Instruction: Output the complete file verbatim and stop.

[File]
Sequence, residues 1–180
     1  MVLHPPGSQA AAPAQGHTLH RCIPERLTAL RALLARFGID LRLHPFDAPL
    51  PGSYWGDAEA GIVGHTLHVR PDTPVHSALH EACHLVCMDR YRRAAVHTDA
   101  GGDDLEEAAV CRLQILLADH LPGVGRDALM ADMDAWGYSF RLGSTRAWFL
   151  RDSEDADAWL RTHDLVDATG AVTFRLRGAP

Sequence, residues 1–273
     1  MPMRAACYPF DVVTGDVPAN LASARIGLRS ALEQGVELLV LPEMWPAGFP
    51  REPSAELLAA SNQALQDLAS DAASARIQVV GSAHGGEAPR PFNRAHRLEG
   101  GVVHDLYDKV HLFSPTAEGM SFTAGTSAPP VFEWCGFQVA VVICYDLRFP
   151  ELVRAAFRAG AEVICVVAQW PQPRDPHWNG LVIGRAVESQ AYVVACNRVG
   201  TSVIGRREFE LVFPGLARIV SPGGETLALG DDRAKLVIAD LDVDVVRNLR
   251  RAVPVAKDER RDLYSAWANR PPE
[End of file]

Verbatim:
Sequence, residues 1–180
     1  MVLHPPGSQA AAPAQGHTLH RCIPERLTAL RALLARFGID LRLHPFDAPL
    51  PGSYWGDAEA GIVGHTLHVR PDTPVHSALH EACHLVCMDR YRRAAVHTDA
   101  GGDDLEEAAV CRLQILLADH LPGVGRDALM ADMDAWGYSF RLGSTRAWFL
   151  RDSEDADAWL RTHDLVDATG AVTFRLRGAP

Sequence, residues 1–273
     1  MPMRAACYPF DVVTGDVPAN LASARIGLRS ALEQGVELLV LPEMWPAGFP
    51  REPSAELLAA SNQALQDLAS DAASARIQVV GSAHGGEAPR PFNRAHRLEG
   101  GVVHDLYDKV HLFSPTAEGM SFTAGTSAPP VFEWCGFQVA VVICYDLRFP
   151  ELVRAAFRAG AEVICVVAQW PQPRDPHWNG LVIGRAVESQ AYVVACNRVG
   201  TSVIGRREFE LVFPGLARIV SPGGETLALG DDRAKLVIAD LDVDVVRNLR
   251  RAVPVAKDER RDLYSAWANR PPE